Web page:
On the third anniversary of Hurricane Katrina, Greater New Orleans still lies largely in ruins due to the federal government's admittedly flawed flood levees. Yet Katrina victims have not been compensated for their staggering losses. And the Bush administration refuses even to discuss settlement.
This insensitive stiff-arming of innocent victims of official malfeasance stands in stark contrast to the historic response to mass disasters by presidents from both parties.
On the morning of June 5, 1976, the Teton Dam in eastern Idaho disintegrated minutes after it was filled to its intended capacity, releasing 80 billion gallons of raging waters down the Snake River Valley. As the undulating flood waters carried away four million cubic yards of embankment in an eight-mile swath, the lethal, 15 mph torrent swept up utility poles and logs that acted as battering rams annihilating everything in its path. The city of Wilford was wiped off the map, while other towns were inundated by a 15-foot wall of floodwater.
The Teton Dam's catastrophic failure killed 14 people, destroyed 18,000 head of livestock, inundated 427,000 acres of farmland and inflicted $2 billion in damages. Designed by the U.S. Army Corps of Engineers for the U.S. Bureau of Land Reclamation, the disaster was the most colossal engineering failure in the nation's history. Investigations revealed that the dam had been built on fractured volcanic material and was seriously flawed in design and construction.
Justice Department lawyers were poised to defend against the victims' damages claims by denying any legal responsibility and invoking an anachronistic flood immunity statute. Victims faced years of expensive litigation with daunting chances of success against such a powerful adversary with unlimited resources.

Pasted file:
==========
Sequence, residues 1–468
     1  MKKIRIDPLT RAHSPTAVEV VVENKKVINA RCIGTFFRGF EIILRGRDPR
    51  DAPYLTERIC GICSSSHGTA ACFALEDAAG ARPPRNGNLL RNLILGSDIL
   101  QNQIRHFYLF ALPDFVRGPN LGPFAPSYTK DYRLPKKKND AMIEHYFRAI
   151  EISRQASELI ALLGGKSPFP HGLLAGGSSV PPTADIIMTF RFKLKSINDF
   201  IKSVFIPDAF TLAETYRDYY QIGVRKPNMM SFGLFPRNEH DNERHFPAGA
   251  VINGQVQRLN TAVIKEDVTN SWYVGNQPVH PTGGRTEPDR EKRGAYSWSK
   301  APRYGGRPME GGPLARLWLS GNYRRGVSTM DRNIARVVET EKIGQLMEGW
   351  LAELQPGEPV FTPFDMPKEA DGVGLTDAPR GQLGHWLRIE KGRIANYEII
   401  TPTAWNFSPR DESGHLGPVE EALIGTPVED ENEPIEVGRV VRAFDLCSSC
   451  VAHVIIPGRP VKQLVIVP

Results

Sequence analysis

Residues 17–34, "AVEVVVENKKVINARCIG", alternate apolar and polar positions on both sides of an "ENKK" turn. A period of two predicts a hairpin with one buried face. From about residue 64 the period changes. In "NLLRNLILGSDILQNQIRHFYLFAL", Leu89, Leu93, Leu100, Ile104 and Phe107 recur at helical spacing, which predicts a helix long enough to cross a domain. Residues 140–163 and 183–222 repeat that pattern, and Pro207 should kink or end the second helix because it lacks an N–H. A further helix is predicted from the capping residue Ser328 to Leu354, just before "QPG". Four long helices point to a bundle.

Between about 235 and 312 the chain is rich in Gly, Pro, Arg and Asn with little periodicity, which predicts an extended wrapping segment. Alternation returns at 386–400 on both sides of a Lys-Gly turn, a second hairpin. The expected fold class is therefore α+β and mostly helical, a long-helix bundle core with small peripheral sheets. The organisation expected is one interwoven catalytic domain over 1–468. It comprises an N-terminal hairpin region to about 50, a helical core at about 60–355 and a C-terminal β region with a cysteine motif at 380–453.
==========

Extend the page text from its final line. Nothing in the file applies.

But President Gerald Ford took the high road.
Believing that the United States had a moral responsibility to pay restitution to the flood victims, the Republican President asked Congress six days after the tragedy to appropriate $200 million for a voluntary compensation program "to ensure that the victims of this tragic catastrophe can rebuild their lives and rebuild their communities."
Congress obliged by swiftly enacting the Teton Dam Disaster Assistance Act only three months later. A critical element of the legislation was a mandate "to provide for the expeditious consideration and settlement" of all claims and "to fully compensate" for death, personal injury and property damages "without regard to the proximate cause of the failure of the Teton Dam." Through an efficient administrative claims process, 7,500 claims were settled for a total of $322 million.
Similarly, in the wake of the federal government's negligence with the Swine Flu Immunization Program (1976) and the Cerro Grande Fire in New Mexico (2000), Congress established no fault victims' compensation programs. And 11 days after the terrorist attacks, the government created the September 11th Victim Compensation Fund (2001) that paid out nearly $7 billion -- even though the United States was not responsible for the 2,992 deaths.
All four voluntary mass disaster settlement programs are shining exemplars of the decency, compassion and generosity of the American people.